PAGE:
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Shaping - when to stop rewarding first steps

Discussion in 'Labrador Training' started by Emily, May 16, 2018.

  1. Emily

    Emily Supporting Member Forum Supporter

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    Sorry, probably a dumb question. 95%+ of what I've trained Ella have been done through games or luring. I'm not great at shaping and I think, because of this, Ella gets easily frustrated.

    I've been trying to get Ella to put her front paws on a platform. She's not keen on this (I think it relates to her hate of people touching her paws) and luring was a complete failure. She was actually impressive with her ability to ensure no part of her paw touched the platform!

    So, I started shaping it. After a lot of nose touching and nose bashing (a little too enthusiastically) she actually dropped (again, drop is usually a default behaviour when she doesn't know what to do next) and finally she put her front paw on the platform! Woo hoo!

    We progressed more quickly from there and we were reliably putting one paw on the platform, while standing. Then, woo hoo, two paws! Two paws for a few times then one, then nose touch again.

    So, if you're still reading...

    Now that she's starting to put two paws on, but not that consistently yet, do I stop rewarding one paw? At what point do you stop? After the first time that they show the next behaviour?
     
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  2. snowbunny

    snowbunny Registered Users

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    Once I up my criteria, they remain up - unless the dog shows me that they don't understand it, in which case I lower them again. Or maybe at the start of the next session. But when you move on to two paws, you stop rewarding one unless the dog is clearly not getting it. The more shaping you do, the more proficient Ella will become at it. I find it's great for confidence building :)
     
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  3. QuinnM15

    QuinnM15 Registered Users

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    With shaping, I keep rewarding until there is no other behaviour thrown and she is doing what I'm shaping her to do. If you are shaping two paws on a target, once she consistently puts one paw on, stop rewarding for that paw and reward every teeny movement of the other paw. I add in lots of excited voice along with my click and treat for the other paw moving. Are you using a clicker?

    If two paws is the final behaviour you are looking for, you can add a cue when she is consistently putting two paws on. I throw a treat away from the target and let her come back and do it again and again. But if you are moving to say, 4 paws on a target, I stop rewarding just two paws on target and start click and treat every single tiny movement of the back paws until we work to 3 paws, then eventually 4. The more shaping you do, the faster they get. I've shaped a lot of random things and the first few things took ages, now I can shape something in one session so keep at it!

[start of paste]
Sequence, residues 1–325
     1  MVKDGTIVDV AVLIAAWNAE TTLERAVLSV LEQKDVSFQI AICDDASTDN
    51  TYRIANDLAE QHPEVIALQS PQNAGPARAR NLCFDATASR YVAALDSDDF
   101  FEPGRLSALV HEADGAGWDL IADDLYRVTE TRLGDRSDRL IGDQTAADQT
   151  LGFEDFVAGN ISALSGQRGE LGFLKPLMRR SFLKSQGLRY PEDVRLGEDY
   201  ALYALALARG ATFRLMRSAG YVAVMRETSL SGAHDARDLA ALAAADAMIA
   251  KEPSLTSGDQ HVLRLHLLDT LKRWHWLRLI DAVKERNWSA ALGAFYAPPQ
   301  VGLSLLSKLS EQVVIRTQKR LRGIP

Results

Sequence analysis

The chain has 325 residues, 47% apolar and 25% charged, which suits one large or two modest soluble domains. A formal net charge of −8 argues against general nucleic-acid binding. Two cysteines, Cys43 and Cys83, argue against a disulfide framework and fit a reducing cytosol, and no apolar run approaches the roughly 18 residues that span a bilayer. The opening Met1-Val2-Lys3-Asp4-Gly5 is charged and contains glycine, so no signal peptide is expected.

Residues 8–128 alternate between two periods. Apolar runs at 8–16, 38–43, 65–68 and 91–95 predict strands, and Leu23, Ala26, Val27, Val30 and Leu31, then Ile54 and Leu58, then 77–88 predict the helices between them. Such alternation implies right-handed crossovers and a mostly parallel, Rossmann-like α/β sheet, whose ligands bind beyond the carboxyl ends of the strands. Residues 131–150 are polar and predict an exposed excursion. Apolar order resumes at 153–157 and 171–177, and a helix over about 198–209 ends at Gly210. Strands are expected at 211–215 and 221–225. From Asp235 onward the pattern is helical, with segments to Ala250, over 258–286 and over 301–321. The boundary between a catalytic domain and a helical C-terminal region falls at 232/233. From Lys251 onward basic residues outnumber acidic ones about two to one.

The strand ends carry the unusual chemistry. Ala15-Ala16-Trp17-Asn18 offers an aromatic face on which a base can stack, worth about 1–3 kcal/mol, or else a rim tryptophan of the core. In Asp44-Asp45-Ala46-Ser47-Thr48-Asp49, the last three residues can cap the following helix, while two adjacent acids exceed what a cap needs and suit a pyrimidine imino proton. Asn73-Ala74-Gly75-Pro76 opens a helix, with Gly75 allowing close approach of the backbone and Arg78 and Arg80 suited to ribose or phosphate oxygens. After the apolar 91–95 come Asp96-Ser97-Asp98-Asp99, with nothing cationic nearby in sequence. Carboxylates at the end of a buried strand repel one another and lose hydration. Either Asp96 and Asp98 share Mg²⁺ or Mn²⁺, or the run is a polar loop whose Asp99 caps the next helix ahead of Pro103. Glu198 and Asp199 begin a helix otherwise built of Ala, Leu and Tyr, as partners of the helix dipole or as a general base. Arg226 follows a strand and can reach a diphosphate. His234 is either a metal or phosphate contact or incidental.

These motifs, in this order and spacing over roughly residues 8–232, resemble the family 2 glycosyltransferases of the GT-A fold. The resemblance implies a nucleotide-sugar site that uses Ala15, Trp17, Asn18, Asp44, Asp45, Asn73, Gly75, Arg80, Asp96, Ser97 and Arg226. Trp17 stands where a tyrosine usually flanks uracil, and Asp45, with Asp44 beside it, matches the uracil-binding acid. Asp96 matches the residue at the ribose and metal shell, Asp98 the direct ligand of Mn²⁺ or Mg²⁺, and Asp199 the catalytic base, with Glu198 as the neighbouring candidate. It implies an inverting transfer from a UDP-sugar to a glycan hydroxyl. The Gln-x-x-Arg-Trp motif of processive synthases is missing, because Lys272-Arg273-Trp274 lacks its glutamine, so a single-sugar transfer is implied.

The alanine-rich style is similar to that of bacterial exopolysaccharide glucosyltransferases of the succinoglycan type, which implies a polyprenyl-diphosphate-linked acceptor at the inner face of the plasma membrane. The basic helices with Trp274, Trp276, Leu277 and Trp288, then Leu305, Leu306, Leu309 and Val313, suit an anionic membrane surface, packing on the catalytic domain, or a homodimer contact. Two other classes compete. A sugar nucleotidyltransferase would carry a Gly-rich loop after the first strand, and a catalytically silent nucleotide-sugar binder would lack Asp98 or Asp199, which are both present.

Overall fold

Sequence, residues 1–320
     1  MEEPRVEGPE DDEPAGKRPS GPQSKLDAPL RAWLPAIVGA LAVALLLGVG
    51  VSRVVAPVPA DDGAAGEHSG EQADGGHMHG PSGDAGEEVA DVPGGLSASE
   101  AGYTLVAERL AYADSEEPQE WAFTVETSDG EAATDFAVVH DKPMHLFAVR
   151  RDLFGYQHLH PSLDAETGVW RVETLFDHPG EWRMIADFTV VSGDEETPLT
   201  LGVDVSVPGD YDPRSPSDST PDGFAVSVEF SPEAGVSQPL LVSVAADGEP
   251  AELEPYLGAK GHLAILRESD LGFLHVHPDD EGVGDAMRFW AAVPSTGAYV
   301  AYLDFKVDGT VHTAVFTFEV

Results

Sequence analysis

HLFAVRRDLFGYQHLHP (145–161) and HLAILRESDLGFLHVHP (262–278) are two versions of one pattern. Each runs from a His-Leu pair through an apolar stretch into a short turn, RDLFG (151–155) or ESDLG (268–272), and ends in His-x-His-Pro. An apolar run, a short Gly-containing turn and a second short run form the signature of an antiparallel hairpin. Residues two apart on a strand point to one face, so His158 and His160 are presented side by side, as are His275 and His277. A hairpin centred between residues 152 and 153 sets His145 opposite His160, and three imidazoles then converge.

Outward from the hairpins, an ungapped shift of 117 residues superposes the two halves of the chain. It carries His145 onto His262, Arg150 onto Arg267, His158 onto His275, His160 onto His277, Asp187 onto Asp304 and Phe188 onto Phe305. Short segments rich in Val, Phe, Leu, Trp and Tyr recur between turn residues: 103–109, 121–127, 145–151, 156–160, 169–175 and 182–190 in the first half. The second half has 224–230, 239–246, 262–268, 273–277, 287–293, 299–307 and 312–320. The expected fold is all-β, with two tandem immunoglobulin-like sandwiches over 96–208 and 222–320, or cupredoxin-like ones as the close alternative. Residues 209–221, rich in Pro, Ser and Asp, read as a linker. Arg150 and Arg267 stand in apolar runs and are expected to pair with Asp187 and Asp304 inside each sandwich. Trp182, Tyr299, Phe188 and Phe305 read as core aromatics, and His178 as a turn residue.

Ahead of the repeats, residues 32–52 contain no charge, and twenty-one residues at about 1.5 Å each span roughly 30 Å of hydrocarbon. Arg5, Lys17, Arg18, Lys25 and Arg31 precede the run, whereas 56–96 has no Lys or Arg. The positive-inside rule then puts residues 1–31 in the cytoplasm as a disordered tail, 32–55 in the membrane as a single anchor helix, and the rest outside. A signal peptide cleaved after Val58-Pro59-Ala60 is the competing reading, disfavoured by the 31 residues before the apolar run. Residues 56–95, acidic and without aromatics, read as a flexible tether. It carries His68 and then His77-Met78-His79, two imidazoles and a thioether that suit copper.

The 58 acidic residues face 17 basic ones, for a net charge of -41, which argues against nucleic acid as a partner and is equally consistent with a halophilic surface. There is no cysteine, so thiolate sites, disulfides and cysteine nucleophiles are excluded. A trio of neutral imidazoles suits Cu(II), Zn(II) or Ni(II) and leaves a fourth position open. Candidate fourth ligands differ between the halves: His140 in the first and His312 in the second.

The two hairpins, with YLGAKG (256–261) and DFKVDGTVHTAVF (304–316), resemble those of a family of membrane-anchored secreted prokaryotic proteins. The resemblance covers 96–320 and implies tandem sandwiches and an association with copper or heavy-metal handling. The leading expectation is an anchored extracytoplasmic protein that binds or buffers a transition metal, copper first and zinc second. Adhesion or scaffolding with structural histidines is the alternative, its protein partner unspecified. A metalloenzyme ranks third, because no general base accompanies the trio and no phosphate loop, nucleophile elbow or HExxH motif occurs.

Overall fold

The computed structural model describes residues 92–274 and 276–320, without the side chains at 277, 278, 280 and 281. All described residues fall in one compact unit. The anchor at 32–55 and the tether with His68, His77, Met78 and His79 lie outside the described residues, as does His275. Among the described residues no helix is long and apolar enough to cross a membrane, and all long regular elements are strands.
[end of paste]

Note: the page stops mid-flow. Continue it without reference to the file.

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  4. Emily

    Emily Supporting Member Forum Supporter

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    Thanks, that's really helpful. She's giving two paws now so I'll stop rewarding one. :)

    Ella tends to be a little OTT when it comes to shaping. Some dogs might give a small movement of one paw where as Ella tends to go 'nose touch, nose touch, drop, scratch at item... Throw entire body at item - usually taking me out in the process!' :rolleyes:
     
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  5. Emily

    Emily Supporting Member Forum Supporter

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    Eek, this was only our second session and BANG! Light bulb moment! She's got it!

    I just love the look on her face when she realises what I'm asking for!
     
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  6. charlie

    charlie Registered Users

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    I love it when Charlie has those light bulb moments when he realises when I stop treating for one paw, he quickly offers a second paw. It was great when we trained 'four paws in a box'. It is great for focus on me which Charlie always needs :rolleyes: Good girl Ella :) x
     
  7. selina27

    selina27 Supporting Member Forum Supporter

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    I know it's just priceless isn't it?
     
  8. Michael A Brooks

    Michael A Brooks Registered Users

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    If you reach a plateau it sometimes pays to change the presentation of the platform. Have you considered getting you dog to touch an even shorter platform? Once successful, then gradually build up the height of the platform to the desired height. In doing so you would be rewarding your dog for successive approximations of the desired behaviour. A positive sum experience.
     
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